Chimney Crown Replacement
Chimney crown replacement may be necessary if your chimney crown, also known as the top plate or a chimney cap, is cracked or damaged.
The crown plays a vital role in the protection of your chimney by sealing off the top portion of your chimney and shedding water away from the masonry construction.
Why do a lot of chimney crowns fail over time? Many crowns are poorly constructed right from the start.
Crowns built out of thin mortar without proper reinforcement will eventually crack over time due to temperature changes and weather conditions.
As the chimney crown deteriorates it causes two things. First, it allows moisture to run down into the masonry structure of the chimney causing spalling on the exterior bricks. This moisture also causes the bricks to separate and eventually fall apart.
Second, water can run between the crown and the chimney flue causing damage to the clay tile or even worse, causing damage to the chimney damper, smoke chamber, or the fireplace itself.
Building The Perfect Chimney Crown
Proper chimney crown replacement requires a few important steps which will substantially increase the life of the crown. Here are a few details to consider:
Do not make the crown flush with the outside chimney wall. The crown should extend at least 2” past the outside wall and contain a drip edge underneath.
Use concrete for construction not mortar. Concrete is stronger and can withstand temperature fluctuations and weather exposure better than mortar. For extra strength, 1”x 1” wire mesh should be placed in the concrete during the pour. Lay the wire mesh half way through the pour so it’s in the middle of the concrete. Cut the mesh slightly smaller than the crown so it’s not exposed to moisture which will lead to rust, possibly causing the crown to crack.
The crown should be at least 4” thick and have a slight outward slope to shed water away from the chimney flue.
The concrete crown should not come into contact with the flue. During construction the flue should be wrapped with a compression material to allow a 1/4” separation between the concrete crown and the flue tile.
Form a bond break. Use steel support bars to form a grid pattern from one side of the masonry wall to the other. Then lay sheet metal or cement board across the metal supports to form a thin bond break between the chimney crown and the masonry walls.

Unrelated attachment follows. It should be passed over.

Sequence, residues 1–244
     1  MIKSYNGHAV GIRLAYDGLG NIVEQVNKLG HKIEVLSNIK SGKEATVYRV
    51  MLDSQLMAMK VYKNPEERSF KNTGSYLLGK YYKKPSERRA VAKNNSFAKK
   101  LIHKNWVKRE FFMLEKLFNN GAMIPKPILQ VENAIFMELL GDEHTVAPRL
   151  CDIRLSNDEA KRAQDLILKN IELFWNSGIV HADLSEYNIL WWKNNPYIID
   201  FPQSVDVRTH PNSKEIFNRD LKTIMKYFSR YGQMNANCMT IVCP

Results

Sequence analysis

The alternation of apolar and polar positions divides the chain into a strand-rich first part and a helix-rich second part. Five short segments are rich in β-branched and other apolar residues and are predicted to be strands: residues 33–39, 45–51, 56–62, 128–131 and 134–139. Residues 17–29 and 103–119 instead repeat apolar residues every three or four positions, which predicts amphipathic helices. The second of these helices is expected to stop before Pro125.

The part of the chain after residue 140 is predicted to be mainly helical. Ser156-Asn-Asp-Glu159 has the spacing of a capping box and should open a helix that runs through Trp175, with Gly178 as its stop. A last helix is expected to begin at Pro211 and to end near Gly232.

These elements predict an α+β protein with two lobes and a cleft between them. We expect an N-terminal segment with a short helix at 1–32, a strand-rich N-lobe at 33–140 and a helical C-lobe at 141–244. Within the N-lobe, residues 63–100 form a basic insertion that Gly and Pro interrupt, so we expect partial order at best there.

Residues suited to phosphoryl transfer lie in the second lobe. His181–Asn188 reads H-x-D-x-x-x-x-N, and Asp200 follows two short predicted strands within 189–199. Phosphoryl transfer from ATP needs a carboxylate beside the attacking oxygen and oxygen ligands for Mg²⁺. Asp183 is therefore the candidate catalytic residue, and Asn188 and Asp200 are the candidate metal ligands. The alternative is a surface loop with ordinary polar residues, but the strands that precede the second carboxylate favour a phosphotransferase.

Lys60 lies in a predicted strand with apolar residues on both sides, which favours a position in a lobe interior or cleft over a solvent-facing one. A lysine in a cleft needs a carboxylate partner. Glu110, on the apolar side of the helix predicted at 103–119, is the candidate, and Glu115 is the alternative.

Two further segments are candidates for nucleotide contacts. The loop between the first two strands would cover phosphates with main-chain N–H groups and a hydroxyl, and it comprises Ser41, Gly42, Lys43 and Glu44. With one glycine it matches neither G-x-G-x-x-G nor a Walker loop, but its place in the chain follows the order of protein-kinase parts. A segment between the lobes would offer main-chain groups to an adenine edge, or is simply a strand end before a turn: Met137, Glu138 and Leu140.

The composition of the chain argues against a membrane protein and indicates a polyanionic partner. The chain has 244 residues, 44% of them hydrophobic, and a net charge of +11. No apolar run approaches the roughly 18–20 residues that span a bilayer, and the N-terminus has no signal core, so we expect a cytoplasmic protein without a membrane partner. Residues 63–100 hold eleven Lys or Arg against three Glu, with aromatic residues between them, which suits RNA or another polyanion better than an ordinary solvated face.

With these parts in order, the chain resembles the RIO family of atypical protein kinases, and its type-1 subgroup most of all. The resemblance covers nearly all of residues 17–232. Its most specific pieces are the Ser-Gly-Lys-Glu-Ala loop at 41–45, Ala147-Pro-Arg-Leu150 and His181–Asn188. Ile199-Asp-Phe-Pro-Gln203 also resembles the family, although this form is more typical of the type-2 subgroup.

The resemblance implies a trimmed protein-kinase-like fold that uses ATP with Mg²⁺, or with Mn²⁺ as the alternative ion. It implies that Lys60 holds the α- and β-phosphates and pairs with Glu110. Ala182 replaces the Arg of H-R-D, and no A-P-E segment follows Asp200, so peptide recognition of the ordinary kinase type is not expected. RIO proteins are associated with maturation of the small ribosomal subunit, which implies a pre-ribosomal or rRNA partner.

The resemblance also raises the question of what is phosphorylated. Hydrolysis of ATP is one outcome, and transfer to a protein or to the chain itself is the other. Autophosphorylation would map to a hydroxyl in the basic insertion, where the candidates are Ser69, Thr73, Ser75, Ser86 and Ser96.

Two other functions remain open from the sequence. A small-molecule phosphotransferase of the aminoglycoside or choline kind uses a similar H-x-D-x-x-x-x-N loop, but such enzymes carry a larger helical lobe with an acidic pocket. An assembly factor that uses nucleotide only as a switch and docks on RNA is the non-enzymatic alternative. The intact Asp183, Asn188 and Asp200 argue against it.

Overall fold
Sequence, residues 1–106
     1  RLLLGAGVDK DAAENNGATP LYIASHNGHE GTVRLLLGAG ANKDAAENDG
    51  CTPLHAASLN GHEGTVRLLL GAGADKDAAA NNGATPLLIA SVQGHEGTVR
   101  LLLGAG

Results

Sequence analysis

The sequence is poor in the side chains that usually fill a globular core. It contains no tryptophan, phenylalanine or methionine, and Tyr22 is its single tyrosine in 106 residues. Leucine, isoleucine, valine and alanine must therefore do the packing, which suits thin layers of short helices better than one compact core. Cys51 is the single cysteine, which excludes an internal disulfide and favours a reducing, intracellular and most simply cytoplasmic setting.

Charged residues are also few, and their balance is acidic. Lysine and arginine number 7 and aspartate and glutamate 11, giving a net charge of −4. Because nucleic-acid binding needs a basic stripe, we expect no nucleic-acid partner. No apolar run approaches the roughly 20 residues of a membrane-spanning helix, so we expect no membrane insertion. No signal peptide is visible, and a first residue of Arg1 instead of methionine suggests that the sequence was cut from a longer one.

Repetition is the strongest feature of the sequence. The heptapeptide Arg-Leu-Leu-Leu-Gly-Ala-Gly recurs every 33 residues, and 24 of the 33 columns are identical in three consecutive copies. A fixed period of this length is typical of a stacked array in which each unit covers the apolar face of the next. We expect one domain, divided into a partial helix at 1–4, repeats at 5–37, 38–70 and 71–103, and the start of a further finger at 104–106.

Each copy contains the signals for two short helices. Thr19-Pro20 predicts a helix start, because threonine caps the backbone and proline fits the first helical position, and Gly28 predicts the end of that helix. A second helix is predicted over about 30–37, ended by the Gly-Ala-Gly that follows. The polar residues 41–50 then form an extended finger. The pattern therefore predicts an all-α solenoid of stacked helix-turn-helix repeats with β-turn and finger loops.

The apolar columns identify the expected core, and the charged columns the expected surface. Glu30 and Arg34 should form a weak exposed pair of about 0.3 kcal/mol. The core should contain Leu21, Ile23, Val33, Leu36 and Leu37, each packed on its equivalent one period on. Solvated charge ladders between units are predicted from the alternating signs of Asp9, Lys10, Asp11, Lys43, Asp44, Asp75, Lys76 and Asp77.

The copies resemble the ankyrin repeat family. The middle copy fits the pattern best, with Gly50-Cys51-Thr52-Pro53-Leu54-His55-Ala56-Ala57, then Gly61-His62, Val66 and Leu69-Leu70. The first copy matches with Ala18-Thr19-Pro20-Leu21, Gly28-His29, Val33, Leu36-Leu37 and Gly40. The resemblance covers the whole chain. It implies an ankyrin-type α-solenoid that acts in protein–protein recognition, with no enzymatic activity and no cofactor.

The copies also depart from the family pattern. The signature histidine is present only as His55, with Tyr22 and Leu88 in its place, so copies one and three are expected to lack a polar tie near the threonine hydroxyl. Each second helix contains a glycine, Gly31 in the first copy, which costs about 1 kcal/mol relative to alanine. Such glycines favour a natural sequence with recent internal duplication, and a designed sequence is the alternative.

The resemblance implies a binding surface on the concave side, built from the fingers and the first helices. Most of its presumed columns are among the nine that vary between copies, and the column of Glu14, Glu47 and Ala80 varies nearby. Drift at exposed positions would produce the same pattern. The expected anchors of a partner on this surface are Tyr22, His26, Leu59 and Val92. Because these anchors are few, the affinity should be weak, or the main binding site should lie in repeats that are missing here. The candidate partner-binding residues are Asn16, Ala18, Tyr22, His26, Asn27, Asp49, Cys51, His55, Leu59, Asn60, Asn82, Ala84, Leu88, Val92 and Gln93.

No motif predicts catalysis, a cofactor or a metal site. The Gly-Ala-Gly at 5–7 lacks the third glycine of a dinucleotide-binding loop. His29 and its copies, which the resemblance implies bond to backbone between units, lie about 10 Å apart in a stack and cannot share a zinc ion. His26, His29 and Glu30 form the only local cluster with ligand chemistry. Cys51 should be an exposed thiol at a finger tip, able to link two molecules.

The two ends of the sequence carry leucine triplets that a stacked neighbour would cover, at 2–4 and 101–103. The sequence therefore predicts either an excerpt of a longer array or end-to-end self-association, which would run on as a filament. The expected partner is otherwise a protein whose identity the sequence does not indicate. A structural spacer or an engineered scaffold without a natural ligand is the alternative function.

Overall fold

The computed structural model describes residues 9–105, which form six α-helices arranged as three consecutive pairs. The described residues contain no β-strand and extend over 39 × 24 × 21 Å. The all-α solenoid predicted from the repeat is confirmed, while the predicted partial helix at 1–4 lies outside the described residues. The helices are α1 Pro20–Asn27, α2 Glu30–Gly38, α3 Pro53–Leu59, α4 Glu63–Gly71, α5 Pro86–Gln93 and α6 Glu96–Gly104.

This serves two purposes. First, without the barrier the cement will just run down the chimney structure filling the airspace between the flue and the masonry walls. Second, it allows the masonry walls and the concrete crown to expand and contract at different rates, reducing the possibly of them cracking.
When building the bond break don’t use plywood or other similar materials. Wood is not only flammable, but it will soak up moisture which will expand when it freezes causing the crown to crack.
The top of the flue liner should extend at least 2” past the top of the crown but no further than 6”. Check your local building codes to see what’s recommended in your area.
Chimney Crown Replacement – Forms
Since you’ll be pouring concrete to construct the crown you’ll either have to build your own form out of wood or purchase one.
Building a form is often time consuming and dependent on your carpentry skills. To make things easier you can purchase adjustable steel forms or foam forms that can be cut or adjusted to fit your chimney.
Plus, they’re reusable and should last many years if properly cared for.
The downfall of using steel forms is the cost.
Many forms are sold in pairs meaning you’ll need to purchase 2 pairs to create a 4 sided form.
Many homeowners will only use the form once so the cost of a steel form may not outweigh the convenience they offer.
Plus, they usually have a built in drip edge and aesthetic shape.
Foam forms offer convenience without spending a lot of money.
To use one, the foam must be cut and shaped to the dimensions of your chimney.
Overall – Chimney Crown Replacement
If done properly, chimney crown replacement is a project that most homeowners can complete on their own saving you hundreds of dollars in labor.
Plus, your new chimney crown will effectively shed water and protect your chimney and fireplace from serious damage for many years.